Why are Basements Less Common in the South?

For anyone who has grown up or lived in the south, you probably recognize that there are no basements there. This can be a confusing quirk to southern homes for those who have spent most of their lives up north. The reason why southern homes don’t have basements has a lot to do with engineering and how feasible they are to construct down south.

 

To begin this post, I want to make something clear. It is theoretically possible to build a basement virtually anywhere. Basements can be built in the south, but it is just too expensive and too much of a hassle to do for the reasons we are about to discuss.

Up north the terrain tends to have a lot less surface moisture. Down south, we have swamps, rivers, and lakes running through a large portion of land. For this reason, the water table in the south tends to be much closer to the surface, within 10 feet, than it is up north. When the water table is this close to the surface, building a basement essentially means you’re building a giant concrete well as the foundation of your house. The water either 1. seeps into your home’s basement and floods it or 2. causes your house to float. As any engineer likely realizes, neither of these options is beneficial in the longevity of home sustainability.

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If you wanted to build a basement in a location with a high water table, you could by using a system of relief wells. Every time a well takes water from the ground, it has a conical effect on the surrounding water table called a “cone of depression.” On a side note, this also happens to be my favorite engineering technical term ever. This cone of depression drastically changes the water table around the center point where water is being pumped out. If a homeowner wanted to build a basement, all that would be needed is several relief wells around the house to draw down the water table in that area continuously. This is obviously very expensive and if the pumps break, then you have problems.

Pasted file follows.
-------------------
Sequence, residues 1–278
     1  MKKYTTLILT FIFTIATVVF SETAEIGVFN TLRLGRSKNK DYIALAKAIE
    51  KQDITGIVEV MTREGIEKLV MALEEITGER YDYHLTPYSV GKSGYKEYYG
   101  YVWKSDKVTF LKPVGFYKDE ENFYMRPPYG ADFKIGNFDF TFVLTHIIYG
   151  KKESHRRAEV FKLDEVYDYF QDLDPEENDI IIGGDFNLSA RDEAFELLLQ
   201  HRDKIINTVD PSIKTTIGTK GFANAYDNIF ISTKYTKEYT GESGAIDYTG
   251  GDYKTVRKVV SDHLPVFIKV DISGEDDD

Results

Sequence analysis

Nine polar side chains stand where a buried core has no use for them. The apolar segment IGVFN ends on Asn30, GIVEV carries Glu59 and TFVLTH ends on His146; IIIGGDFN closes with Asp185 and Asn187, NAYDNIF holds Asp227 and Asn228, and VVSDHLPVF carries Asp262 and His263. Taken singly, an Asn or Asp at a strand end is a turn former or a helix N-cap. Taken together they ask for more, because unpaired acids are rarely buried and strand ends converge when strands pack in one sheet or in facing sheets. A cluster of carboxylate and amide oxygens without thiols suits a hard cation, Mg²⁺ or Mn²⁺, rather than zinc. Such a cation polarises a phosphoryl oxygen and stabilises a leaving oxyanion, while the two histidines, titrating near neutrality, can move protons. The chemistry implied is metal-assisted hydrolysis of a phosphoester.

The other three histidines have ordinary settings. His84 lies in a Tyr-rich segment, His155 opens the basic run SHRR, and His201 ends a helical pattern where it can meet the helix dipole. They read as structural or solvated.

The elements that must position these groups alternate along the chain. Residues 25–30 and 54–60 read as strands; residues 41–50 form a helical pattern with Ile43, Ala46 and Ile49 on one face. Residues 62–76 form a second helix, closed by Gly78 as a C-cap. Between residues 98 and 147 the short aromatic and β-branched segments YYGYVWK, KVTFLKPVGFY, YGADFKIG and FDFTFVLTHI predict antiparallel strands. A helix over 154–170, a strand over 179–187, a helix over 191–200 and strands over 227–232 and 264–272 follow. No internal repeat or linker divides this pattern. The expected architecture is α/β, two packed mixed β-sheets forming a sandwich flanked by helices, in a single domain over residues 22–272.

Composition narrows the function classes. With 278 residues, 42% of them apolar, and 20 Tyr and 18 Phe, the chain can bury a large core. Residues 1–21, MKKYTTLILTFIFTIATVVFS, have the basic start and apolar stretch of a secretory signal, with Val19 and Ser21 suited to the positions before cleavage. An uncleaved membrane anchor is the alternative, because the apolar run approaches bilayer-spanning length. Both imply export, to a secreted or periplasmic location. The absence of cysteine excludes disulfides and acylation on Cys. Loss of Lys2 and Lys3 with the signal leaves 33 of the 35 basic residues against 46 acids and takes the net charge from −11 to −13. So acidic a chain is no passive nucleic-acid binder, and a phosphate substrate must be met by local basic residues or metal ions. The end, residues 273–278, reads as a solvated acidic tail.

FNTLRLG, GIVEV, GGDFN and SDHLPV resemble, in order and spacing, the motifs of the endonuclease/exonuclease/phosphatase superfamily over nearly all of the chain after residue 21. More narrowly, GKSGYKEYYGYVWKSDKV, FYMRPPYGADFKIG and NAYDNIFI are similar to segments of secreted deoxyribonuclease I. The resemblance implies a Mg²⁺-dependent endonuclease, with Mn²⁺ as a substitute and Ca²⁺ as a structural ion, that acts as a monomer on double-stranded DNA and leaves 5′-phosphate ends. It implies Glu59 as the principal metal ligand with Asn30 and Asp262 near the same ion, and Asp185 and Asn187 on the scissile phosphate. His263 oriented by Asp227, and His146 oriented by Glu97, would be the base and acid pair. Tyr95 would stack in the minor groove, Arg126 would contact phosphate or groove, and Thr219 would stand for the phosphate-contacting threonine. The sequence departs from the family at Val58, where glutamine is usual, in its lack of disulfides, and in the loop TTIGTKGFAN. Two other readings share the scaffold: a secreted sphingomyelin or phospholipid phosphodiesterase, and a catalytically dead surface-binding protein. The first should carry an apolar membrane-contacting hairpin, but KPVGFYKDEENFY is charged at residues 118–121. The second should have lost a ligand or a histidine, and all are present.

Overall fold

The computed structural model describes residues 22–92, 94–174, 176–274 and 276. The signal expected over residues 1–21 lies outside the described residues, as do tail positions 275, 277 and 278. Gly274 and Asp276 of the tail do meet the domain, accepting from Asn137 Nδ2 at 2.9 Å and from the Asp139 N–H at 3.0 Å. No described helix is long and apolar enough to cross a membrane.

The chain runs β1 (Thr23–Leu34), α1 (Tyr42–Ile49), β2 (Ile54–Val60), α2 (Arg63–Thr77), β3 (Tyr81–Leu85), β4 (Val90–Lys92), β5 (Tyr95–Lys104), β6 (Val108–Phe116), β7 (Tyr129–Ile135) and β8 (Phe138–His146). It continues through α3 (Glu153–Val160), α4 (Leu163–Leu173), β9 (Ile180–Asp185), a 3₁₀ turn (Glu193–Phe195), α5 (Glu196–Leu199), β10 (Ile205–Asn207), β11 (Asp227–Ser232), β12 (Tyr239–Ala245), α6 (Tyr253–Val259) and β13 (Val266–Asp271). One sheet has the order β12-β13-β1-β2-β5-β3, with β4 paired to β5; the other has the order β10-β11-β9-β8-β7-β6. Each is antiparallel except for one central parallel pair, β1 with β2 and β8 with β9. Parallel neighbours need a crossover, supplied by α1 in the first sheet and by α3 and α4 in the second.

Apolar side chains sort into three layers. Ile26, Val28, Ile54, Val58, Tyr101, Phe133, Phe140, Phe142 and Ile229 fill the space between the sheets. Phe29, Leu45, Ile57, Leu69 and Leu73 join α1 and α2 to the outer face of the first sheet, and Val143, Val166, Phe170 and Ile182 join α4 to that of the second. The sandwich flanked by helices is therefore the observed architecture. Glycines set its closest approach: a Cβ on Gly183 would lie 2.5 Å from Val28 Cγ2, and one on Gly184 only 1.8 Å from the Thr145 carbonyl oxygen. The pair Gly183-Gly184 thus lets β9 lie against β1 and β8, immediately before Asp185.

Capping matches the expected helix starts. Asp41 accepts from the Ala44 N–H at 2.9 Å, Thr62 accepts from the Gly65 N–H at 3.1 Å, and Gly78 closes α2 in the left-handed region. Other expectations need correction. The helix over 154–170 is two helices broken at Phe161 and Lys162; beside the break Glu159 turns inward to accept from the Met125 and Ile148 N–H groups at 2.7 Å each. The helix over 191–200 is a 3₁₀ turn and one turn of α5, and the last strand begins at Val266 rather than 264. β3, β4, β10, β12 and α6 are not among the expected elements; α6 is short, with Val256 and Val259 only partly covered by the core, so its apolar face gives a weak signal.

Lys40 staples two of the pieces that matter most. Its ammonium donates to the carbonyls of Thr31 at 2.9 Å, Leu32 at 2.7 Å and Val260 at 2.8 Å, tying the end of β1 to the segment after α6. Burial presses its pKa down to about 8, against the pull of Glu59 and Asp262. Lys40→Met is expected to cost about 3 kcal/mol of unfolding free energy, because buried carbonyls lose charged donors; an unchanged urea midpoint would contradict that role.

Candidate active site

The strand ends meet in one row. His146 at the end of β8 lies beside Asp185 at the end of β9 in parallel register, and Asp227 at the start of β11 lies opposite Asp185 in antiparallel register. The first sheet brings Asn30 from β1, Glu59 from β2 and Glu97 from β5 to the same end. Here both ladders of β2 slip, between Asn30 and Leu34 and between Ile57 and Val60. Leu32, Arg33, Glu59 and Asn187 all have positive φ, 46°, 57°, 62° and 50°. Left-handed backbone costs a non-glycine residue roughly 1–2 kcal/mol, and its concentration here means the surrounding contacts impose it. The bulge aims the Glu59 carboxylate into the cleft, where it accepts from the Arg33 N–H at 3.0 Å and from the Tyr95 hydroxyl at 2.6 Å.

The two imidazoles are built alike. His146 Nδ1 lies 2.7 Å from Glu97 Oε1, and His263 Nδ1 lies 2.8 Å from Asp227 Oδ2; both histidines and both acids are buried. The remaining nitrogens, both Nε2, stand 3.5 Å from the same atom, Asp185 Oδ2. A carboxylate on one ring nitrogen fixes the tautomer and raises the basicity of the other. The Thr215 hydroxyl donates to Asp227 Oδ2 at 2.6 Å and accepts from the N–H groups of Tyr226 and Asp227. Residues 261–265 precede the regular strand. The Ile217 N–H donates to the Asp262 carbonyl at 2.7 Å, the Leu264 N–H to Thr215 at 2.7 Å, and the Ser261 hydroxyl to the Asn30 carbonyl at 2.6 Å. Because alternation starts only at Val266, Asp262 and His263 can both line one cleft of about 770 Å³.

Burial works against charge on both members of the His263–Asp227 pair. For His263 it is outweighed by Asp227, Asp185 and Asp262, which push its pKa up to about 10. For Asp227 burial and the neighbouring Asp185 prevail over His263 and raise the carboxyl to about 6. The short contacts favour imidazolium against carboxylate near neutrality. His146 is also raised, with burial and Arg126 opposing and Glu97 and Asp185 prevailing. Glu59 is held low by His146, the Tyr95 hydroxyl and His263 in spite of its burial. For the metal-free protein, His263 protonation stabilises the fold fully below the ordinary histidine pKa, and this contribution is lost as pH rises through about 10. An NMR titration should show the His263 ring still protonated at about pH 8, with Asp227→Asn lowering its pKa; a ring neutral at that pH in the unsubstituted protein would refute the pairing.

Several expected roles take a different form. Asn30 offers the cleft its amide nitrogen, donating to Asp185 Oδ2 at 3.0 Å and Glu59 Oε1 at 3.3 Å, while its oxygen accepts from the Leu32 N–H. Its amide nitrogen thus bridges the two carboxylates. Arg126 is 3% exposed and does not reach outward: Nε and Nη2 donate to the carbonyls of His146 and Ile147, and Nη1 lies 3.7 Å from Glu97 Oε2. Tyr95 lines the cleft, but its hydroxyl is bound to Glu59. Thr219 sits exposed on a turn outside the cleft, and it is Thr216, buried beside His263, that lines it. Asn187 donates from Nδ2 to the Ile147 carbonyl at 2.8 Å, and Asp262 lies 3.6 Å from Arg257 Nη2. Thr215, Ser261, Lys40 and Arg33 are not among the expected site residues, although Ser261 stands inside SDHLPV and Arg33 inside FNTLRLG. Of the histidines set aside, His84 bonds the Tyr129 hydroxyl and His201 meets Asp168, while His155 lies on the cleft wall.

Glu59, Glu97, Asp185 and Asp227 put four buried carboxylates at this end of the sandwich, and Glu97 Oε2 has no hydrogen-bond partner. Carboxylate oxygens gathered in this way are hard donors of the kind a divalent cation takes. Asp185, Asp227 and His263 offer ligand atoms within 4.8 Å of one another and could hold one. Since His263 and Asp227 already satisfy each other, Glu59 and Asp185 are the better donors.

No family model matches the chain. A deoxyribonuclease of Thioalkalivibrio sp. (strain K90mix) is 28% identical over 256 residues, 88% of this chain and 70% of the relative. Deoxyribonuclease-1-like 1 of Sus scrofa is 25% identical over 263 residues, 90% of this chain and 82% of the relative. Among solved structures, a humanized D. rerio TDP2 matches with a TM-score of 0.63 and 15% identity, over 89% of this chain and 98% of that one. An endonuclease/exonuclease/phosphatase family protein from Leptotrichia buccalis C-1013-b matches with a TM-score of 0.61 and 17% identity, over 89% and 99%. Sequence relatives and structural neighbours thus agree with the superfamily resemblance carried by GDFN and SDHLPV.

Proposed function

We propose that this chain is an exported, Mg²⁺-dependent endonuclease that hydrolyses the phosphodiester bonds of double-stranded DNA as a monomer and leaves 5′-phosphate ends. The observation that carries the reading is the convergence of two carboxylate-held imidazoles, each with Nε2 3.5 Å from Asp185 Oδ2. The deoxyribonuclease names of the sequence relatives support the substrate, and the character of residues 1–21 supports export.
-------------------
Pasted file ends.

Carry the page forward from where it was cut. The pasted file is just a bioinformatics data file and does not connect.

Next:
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Other than the water table issue, the soil in the south tends to be more damp clay than up north. When the clay is damp, or dry, or whatever state it is in, it generally isn’t an issue to build on or construct a basement in as long as it stays that way. Problems occur when the clay particles transition between states. The clay in the south tends to be highly expansive, which causes massive deviation in the basement and thus the house’s foundation. Building a foundation within these expansive soils is typically a no-go in terms of cost-value added.

The last minor reason there are no basements in the south has to do with the frost line. For a building to maintain strength, its foundation should be below the frost line in the soil. In the north, the frost line tends to be much lower underground, so foundations have to be much deeper. For this reason, builders construct basements because they already have to dig down that deep for the foundation – adding a basement is of low cost. In the south, the frost line tends to be very close to the surface. There is no reason for builders in the south to build a basement because the foundation doesn’t need to be very deep anyway.

To summarize, engineers don’t build houses in the south with basements because we don’t want buildings to float, crack, or sink and because it adds too much unnecessary cost.

Image Source: [1], [2]

 

Trevor is a civil engineer by trade and an accomplished internet blogger with a passion for inspiring everyone with new and exciting technologies. He is also a published children’s book author whose most recent book, ZOOM Go the Vehicles, is aimed at inspiring young kids to have an interest in engineering.


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